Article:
Vignetting shouldn't be as obvious on a short lens, generally.
Experiment a little. Put the camera on a tripod and shoot a full roll at the exact same subject (and keep note of which frame number had which setting for when you want to compare.)
By the way, this is not very useful if you shoot prints, as the development process will "correct" for errors. But if if you scan the negatives or shoot slides, the difference should come out.
I recommend you do this with very fine film, so that you can tell the subtle differences. K25, Provia 100, Or Velvia.
Try this. At the longest focal length, (300mm on yours), shoot the following (let the speed adjust automatically):
- a shot each at f/5.6 (largest setting), f/8.0 and f/16
- set exposure compensation to +1.0, and shoot 3 pics at f/5.6, 8.0 and 16.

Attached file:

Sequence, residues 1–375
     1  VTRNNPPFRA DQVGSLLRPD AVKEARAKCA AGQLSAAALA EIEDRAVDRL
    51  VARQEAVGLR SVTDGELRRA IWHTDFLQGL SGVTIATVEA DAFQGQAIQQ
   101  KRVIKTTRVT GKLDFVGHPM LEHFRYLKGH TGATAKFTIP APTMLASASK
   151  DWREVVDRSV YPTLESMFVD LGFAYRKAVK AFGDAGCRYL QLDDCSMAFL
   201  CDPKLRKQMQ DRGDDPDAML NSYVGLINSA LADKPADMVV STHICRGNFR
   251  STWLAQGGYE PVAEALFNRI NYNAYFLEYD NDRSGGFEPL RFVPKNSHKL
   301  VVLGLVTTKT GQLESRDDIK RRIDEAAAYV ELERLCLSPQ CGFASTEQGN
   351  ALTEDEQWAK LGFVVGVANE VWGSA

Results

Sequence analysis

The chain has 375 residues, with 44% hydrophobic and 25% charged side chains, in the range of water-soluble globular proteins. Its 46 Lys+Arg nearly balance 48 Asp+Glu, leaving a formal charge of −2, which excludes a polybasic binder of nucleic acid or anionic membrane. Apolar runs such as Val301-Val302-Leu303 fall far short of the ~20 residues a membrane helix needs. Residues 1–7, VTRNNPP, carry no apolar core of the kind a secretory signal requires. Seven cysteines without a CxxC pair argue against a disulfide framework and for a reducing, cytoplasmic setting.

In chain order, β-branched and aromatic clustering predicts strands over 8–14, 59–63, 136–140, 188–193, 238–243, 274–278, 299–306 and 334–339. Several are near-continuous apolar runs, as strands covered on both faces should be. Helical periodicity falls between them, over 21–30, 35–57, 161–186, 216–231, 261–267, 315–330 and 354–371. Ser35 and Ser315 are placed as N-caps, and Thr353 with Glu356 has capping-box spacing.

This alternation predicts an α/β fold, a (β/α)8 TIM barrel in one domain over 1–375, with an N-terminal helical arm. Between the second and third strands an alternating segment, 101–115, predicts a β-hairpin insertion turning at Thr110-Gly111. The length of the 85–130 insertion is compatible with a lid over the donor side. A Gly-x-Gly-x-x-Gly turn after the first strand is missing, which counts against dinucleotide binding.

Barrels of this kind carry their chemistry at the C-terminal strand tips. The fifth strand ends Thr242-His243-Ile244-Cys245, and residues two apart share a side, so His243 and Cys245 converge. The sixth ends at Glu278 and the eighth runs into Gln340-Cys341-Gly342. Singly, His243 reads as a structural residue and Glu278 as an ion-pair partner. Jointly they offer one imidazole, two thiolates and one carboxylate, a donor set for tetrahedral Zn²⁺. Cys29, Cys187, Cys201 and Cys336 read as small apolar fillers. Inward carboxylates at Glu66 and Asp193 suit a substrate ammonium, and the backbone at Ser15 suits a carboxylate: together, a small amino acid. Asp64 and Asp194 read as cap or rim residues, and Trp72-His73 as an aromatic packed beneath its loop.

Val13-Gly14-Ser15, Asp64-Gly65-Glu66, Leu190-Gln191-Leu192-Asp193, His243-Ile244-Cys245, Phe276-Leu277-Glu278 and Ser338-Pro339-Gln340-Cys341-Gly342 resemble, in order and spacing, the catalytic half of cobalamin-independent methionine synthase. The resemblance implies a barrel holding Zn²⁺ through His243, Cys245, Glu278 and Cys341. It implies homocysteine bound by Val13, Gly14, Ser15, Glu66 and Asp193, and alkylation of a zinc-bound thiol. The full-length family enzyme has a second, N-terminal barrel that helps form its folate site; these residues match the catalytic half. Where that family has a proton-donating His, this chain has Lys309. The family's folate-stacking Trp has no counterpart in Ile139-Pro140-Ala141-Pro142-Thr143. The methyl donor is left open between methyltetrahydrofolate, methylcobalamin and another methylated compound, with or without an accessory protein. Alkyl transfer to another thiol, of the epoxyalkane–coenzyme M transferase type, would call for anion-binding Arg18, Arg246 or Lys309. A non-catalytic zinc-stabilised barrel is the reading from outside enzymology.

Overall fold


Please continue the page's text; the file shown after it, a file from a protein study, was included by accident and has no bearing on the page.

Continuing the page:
- set exposure compensation to -1.0, and repeat.
So you'll have 9 reference shots at 300mm
Then repeat the same process at 28mm, 50mm, and 150mm. That should make you 36 shots in all.
When you compare, you may find the following:
- Vignetting is more apparent when slightly underexposed.
- you f/8 shots should be clearer, with more detail than other apertures.
I'll let you make your own discoveries after that. There are plenty to see.
The important thing here is that you will learn about the impact of different apertures and focal lengths, as well as the impact of under/over exposing. (underexposing in the right conditions, for example, can make the sky very dark. that's what I did for the 737 shot I posted above).
The only thing you should feel when shooting a terrorist: Recoil.